Not picking on anyone, I am just legitimately curious because I did not even notice any difference at all and I am not a gifted fancy stickhandler. I'm a decent stickhandler I mean, I look like I know what I am doing in other words but it isn't my strong suit. I am a very excellent passer however and do handle the puck well. I play defense and passing is a priority as well as receiving a pass that is often a very hard pass.

I find these forums interesting for this stuff we discuss.
I'd say Mario Lemieux is more talented than you or anyone you know... and he specifically stated he didn't like composite sticks because taking passes was difficult with them. I used wood for 20 years and noticed the "ping" feeling of a composite right away.

Almost everyone I know, many who are elite players, have said the same thing.

There is a big difference between the feel of wood and a composite, very few people would argue that. I've even had people fire passes at me while standing still, and let the puck hit my stick without cupping it, just to see how far it will bounce... and there is a huge difference in the way a puck "pings" off a composite as compared to wood.


Last edited by Mr Jiggyfly: 02-06-2010 at 08:48 AM.
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Old
02-06-2010, 09:39 AM
  #63
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Quote:
Originally Posted by Hockeyfan68 View Post
Stop on the puck ... every pro does it and it is so simple to do you do not have to know anything more than how to stop on your skates.

When you lose the puck STOP and go back in the direction it is going to try and get it back from the guy who took it.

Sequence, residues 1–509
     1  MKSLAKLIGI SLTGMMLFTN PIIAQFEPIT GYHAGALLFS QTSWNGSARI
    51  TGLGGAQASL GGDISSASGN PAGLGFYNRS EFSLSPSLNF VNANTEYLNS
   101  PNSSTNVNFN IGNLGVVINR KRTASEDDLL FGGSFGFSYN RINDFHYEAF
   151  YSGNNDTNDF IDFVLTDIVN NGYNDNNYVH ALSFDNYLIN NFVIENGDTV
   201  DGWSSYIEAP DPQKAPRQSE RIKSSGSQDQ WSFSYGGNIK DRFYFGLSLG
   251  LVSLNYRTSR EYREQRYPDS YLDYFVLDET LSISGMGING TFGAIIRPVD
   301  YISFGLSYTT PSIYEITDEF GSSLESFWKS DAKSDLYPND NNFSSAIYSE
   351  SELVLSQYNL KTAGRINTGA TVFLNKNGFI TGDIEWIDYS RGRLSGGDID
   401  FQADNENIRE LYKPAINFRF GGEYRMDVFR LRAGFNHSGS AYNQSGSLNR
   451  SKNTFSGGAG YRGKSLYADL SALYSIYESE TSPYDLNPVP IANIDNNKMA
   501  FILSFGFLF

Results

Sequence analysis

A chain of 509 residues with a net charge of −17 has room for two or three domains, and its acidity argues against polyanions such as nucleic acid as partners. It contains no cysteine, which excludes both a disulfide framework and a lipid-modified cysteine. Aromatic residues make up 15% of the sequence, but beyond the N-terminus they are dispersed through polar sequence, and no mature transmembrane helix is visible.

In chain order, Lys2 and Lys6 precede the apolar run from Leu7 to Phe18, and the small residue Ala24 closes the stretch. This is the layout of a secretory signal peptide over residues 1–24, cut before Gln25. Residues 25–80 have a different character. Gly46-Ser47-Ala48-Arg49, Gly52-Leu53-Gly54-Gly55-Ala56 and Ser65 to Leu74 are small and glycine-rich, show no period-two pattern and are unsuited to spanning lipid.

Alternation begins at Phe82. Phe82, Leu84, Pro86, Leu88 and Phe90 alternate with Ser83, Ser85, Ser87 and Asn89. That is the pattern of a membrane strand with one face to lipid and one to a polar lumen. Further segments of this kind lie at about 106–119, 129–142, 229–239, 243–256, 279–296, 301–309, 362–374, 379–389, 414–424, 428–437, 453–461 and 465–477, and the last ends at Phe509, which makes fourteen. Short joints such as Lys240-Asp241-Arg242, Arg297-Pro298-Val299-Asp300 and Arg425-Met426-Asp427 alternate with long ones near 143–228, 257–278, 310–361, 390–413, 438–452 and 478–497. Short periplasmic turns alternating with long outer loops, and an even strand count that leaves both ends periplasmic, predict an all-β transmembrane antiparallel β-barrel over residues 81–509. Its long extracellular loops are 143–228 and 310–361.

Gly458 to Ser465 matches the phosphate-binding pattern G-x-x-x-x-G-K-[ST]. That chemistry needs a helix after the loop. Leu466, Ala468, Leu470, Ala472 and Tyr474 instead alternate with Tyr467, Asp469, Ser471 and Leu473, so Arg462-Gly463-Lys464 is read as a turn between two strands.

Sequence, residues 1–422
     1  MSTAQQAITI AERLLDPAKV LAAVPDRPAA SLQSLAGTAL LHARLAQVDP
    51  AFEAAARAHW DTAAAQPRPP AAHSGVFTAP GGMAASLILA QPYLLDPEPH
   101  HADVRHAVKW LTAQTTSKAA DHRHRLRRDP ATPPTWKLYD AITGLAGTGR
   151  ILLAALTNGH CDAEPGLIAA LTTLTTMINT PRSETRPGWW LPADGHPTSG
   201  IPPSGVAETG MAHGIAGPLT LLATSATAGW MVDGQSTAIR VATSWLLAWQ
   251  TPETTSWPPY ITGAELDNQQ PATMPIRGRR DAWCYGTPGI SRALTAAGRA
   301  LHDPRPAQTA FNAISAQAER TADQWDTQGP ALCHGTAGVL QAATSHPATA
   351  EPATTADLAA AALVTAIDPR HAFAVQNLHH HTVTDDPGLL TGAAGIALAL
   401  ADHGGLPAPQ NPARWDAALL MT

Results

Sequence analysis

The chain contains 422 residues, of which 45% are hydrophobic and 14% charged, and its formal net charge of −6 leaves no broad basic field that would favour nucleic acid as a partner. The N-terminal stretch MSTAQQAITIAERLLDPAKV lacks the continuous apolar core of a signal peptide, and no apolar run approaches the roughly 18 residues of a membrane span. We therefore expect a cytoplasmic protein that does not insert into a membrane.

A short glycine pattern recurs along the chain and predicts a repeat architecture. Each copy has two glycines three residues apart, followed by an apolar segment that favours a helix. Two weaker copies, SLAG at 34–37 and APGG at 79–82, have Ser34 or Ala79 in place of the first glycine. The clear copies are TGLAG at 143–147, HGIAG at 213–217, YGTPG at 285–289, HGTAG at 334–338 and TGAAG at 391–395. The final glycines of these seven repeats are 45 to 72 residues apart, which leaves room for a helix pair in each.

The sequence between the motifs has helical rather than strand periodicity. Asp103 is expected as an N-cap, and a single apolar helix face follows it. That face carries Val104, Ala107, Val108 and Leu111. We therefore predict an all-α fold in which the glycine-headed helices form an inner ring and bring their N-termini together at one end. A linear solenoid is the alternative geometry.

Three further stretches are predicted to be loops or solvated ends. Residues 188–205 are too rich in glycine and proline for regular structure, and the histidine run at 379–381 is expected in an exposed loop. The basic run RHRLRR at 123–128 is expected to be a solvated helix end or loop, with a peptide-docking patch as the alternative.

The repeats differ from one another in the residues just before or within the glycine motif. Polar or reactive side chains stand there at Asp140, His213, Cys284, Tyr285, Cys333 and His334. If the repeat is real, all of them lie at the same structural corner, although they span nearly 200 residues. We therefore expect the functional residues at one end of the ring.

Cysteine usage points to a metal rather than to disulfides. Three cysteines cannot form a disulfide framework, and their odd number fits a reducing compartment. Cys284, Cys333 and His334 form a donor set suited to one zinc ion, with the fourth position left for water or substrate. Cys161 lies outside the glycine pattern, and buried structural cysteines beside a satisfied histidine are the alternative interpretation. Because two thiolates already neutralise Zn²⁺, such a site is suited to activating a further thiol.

I see lots of people lose a puck or make a bad pass to the other team and give up a 3 on 1 or whatever. When they do this they make a wide turn looking at the ceiling in disgust instead of STOPPING and getting back in the play.

The quickest way back to the puck is stop and go that way where it is now going.

Many time you can help out the mistake you made this way by getting in the play, picking up a man by back checking and maybe even causing a turnover and YOUR team goes down and scores.

But yeah it is called "stopping on the puck" and that is what it means. It is simple to do and will make you a better player.

Good players don't look at the ceiling and sigh and moan after they lose the puck, they go get it back. The time you waste making a big circle trailing the play and watching your puck you just gave up is a huge waste of time and space.

This also applies to scoring chances where the goalie makes a save and if you had stopped on the puck you would have been there for the reboiund instead of in the corner of the rink looking at the ceiling in disgust.
This, I absolutely hate it when people do this. Whenever I screw up on something like that, I always make the extra effort to get back and fix my mistake before it leads to a goal. I can't count how many times I've seen people go in on a breakaway and shoot, whether the goalie blocks it or he misses the net, they'll skate the opposite way half the time instead of going for the second chance. Also applies to when somebody gets a penalty. I'll never understand why when somebody gets a penalty, the whole team stops skating...